I have had an original part and Instruction book for the Model N, 3-5-7-9 and 12 HP, reprinted. This is reprinted just like the original and 1 sell these for $2 each, Postpaid. Also, I have had reprinted a F & J catalog which was originally printed in 1919. This 40 page catalog shows pictures of all their engines, including the N, K, pump, sawrig and others, along with many other accessories. It gives specifications, weights and prices of them. These sell for $2.50.
The original F & J Trademark decals for the water hopper are still available at $1 per set of two decals. I might say again, the original color for F & J was a green, like the present day New Idea Farm Implement Green. Striping was done in yellow and the skids and wood battery box were red.
Anyone interested in knowing when and to whom their F & J engine was shipped may send me the Serial Number and Model, if known, and I will look it up in the records. I will then send this information to you. For this service I charge 50? for the first engine and 25? for each additional one.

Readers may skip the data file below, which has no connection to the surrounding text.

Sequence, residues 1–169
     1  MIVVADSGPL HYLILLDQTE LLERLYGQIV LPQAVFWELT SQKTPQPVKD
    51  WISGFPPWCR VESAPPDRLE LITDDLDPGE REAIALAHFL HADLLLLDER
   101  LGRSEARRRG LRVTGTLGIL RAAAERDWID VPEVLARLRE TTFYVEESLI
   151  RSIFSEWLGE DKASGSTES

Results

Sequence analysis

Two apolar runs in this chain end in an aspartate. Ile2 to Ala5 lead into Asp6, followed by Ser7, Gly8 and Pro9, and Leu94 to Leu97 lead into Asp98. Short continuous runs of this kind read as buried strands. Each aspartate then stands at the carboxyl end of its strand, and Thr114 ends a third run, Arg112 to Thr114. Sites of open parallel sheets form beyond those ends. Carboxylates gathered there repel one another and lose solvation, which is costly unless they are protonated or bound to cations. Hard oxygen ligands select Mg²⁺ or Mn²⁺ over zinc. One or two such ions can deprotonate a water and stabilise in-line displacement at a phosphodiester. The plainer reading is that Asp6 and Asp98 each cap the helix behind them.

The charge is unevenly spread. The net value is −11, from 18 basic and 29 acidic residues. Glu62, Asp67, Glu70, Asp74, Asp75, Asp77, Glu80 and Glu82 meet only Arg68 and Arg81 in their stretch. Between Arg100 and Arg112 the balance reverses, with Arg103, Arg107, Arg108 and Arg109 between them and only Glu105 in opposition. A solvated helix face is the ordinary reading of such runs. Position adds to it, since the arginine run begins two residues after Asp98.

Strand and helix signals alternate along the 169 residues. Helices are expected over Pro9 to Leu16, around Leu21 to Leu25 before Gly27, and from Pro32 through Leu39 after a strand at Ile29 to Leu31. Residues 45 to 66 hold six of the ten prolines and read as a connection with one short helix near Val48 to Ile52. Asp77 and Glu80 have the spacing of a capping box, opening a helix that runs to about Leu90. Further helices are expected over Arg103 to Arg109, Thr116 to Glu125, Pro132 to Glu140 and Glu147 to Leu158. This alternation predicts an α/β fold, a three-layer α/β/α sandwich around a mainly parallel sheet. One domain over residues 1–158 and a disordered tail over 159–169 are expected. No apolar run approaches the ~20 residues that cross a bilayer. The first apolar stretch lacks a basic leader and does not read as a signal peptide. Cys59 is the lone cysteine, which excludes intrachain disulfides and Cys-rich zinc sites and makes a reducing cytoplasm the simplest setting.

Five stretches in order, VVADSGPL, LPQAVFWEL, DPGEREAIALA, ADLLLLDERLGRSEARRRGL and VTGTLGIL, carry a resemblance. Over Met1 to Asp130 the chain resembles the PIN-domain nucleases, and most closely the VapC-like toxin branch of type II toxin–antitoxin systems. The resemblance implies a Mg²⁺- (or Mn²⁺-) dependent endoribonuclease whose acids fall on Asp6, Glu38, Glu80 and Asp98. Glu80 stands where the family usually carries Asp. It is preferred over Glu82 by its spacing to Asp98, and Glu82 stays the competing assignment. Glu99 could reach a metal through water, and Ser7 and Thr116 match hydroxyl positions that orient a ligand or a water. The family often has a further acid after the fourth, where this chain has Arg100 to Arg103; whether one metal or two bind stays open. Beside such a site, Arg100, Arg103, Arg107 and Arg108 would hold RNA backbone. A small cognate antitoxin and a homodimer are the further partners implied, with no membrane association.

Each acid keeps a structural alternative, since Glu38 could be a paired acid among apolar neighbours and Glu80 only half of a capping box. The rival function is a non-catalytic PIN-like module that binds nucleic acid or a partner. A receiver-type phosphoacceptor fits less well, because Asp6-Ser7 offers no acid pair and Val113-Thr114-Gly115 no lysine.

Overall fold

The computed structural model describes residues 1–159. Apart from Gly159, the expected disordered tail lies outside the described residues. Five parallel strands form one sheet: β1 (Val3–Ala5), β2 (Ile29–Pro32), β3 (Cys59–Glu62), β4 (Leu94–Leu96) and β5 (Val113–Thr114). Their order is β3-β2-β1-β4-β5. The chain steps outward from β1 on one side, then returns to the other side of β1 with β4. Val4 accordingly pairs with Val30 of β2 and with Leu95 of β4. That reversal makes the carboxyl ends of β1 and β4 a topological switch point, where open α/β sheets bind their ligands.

At top is a Model N with a magneto ignition. At bottom is a 3 HP. Model N engine mounted on a hand cart.
The Peoples Price engine. Note that the flywheels are the only noticeable difference from the Model N. Typical Model K or kerosene burning, throttling governor engine. The basic engine was the same as the Model N, except for the fuel mixer and the governor system.
The F & J Model N with the full-cast base. All the early N's were this type. Later they were available either this way or on the shorter base with skids under it.
A Model N with battery ignition. This is probably a 4 HP. Some had a full cast-iron base and others were slide mounted like this one. Lower picture is the typical 1? HP. Model N. Note the governor weight in the flywheel.. Only the 1? HP. had this type of governor system--the larger engines used a gear driven flyball type. This is one of the later engines--the earlier ones had a narrower flywheel with a larger diameter.